We have audited the financial statements of PowerHouse Energy Group Plc for the year ended 31 December 2016 which comprise the Company Statement of Comprehensive Income, Company Statement of Changes in Equity and Company Statement of Financial Position, Company Statement of Cash flows and the related notes 1 to 16.  The financial reporting framework that has been applied in their preparation is applicable law and International Financial Reporting Standards (IFRSs) as adopted by the European Union.

This report is made solely to the company’s members, as a body, in accordance with Chapter 3 of Part 16 of the Companies Act 2006.  Our audit work has been undertaken so that we might state to the company’s members those matters we are required to state to them in an auditor’s report and for no other purpose.  To the fullest extent permitted by law, we do not accept or assume responsibility to anyone other than the company and the company’s members as a body, for our audit work, for this report, or for the opinions we have formed.

Respective responsibilities of directors and auditor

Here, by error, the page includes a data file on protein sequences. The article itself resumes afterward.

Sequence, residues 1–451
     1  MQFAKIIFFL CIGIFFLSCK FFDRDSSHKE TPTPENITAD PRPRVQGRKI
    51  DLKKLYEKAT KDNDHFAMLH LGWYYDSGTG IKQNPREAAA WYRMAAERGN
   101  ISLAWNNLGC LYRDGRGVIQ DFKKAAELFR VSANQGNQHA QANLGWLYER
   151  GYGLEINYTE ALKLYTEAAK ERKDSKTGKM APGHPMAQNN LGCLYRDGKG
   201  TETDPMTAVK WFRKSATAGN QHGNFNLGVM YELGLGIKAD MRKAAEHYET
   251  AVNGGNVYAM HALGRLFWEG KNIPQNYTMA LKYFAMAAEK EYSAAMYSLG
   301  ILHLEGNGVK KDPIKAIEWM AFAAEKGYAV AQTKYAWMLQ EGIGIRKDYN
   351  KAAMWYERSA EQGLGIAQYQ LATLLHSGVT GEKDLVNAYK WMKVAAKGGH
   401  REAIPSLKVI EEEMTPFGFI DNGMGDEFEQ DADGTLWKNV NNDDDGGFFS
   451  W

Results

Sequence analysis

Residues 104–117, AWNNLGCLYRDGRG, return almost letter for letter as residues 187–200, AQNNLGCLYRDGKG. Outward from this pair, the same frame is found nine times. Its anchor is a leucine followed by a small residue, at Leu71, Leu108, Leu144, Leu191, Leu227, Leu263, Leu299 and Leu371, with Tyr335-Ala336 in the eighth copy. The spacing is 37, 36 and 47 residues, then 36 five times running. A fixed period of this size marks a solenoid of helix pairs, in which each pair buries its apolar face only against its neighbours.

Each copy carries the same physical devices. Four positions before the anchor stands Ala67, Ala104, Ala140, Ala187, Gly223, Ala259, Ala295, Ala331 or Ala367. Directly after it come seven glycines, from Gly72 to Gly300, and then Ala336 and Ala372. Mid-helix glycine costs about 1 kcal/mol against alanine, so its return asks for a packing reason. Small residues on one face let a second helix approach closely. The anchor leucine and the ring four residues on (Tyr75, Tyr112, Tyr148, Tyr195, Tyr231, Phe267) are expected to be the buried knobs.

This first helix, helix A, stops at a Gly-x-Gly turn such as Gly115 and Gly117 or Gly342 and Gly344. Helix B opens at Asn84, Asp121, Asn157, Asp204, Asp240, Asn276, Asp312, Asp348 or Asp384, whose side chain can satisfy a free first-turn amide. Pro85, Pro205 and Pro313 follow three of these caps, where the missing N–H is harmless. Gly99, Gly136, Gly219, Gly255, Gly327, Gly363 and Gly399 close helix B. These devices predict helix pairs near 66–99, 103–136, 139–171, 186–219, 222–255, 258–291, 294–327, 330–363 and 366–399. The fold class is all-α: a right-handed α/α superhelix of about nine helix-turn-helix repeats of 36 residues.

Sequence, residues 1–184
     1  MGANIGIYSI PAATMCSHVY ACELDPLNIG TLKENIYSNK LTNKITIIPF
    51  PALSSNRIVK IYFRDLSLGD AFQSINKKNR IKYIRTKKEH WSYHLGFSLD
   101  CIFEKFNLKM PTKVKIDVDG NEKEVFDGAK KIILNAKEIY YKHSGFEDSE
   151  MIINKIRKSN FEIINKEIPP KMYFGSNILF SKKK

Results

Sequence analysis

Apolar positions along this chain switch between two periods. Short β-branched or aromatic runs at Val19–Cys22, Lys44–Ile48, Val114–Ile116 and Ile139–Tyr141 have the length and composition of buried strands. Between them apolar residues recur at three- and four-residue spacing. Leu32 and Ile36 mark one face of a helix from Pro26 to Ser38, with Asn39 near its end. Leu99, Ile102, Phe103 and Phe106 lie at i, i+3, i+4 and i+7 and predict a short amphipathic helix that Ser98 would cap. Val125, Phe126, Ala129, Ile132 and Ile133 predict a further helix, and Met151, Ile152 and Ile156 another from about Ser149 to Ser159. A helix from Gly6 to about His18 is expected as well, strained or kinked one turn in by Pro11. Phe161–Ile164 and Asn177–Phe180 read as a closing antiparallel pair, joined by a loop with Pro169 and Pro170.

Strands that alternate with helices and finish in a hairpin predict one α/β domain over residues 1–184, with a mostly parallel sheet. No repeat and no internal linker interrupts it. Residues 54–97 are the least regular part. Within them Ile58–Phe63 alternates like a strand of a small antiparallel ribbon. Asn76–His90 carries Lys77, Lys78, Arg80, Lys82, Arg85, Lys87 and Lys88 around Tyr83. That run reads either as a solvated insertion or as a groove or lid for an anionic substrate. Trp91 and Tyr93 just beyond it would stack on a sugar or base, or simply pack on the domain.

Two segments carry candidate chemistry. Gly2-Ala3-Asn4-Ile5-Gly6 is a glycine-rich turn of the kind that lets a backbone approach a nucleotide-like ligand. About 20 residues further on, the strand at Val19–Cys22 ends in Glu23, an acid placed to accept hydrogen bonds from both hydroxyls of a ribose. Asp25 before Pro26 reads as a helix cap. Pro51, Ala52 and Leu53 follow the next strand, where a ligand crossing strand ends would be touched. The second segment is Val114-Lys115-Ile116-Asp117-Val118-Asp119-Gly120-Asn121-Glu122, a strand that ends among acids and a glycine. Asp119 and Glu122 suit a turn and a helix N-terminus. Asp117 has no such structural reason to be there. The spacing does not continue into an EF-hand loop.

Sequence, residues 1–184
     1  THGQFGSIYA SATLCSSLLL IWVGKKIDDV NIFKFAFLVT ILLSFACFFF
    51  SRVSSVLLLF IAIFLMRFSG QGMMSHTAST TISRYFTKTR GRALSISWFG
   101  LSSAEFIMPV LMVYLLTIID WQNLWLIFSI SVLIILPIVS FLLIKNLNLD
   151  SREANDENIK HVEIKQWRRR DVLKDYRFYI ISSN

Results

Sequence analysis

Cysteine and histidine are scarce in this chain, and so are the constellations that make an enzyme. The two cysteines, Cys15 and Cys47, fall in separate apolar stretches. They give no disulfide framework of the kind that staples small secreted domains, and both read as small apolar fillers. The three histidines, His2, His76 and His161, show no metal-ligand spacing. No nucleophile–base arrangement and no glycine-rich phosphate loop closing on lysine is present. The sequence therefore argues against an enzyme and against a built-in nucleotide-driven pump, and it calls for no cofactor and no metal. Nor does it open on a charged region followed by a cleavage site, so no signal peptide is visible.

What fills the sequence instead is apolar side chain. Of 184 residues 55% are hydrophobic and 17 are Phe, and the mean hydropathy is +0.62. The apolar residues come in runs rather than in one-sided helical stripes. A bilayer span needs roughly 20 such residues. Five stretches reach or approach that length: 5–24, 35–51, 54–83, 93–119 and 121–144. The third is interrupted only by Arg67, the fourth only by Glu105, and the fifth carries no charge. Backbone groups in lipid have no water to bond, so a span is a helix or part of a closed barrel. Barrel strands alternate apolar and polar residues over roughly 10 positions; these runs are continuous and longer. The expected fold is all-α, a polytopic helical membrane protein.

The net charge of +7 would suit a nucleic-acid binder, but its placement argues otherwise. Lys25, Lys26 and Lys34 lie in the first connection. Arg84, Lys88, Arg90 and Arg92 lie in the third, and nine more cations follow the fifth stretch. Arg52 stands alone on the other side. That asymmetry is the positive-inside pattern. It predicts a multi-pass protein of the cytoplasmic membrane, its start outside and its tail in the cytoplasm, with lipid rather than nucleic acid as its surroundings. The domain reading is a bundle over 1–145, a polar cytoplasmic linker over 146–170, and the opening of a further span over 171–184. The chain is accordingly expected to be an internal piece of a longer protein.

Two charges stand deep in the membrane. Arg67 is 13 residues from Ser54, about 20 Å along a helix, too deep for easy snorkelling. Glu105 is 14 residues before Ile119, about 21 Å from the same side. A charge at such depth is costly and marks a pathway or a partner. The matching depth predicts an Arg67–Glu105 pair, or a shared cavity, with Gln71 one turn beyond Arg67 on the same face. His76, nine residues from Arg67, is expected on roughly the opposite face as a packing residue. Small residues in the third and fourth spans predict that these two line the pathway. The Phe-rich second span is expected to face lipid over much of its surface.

As explained more fully in the Directors’ Responsibilities Statement, the directors are responsible for the preparation of the financial statements and for being satisfied that they give a true and fair view.  Our responsibility is to audit and express an opinion on the financial statements in accordance with applicable law and International Standards on Auditing (UK and Ireland).  Those standards require us to comply with the Auditing Practices Board’s Ethical Standards for Auditors.

Scope of the audit of the financial statements

An audit involves obtaining evidence about the amounts and disclosures in the financial statements sufficient to give reasonable assurance that the financial statements are free from material misstatement, whether caused by fraud or error.  This includes an assessment of: whether the accounting policies are appropriate to the parent company’s circumstances and have been consistently applied and adequately disclosed; the reasonableness of significant accounting estimates made by the directors; and the overall presentation of the financial statements.  In addition, we read all the financial and non-financial information in the annual report to identify material inconsistencies with the audited financial statements and to identify any information that is apparently materially incorrect based on, or materially inconsistent with, the knowledge acquired by us in the course of performing the audit.  If we become aware of any apparent material misstatements or inconsistencies we consider the implications for our report.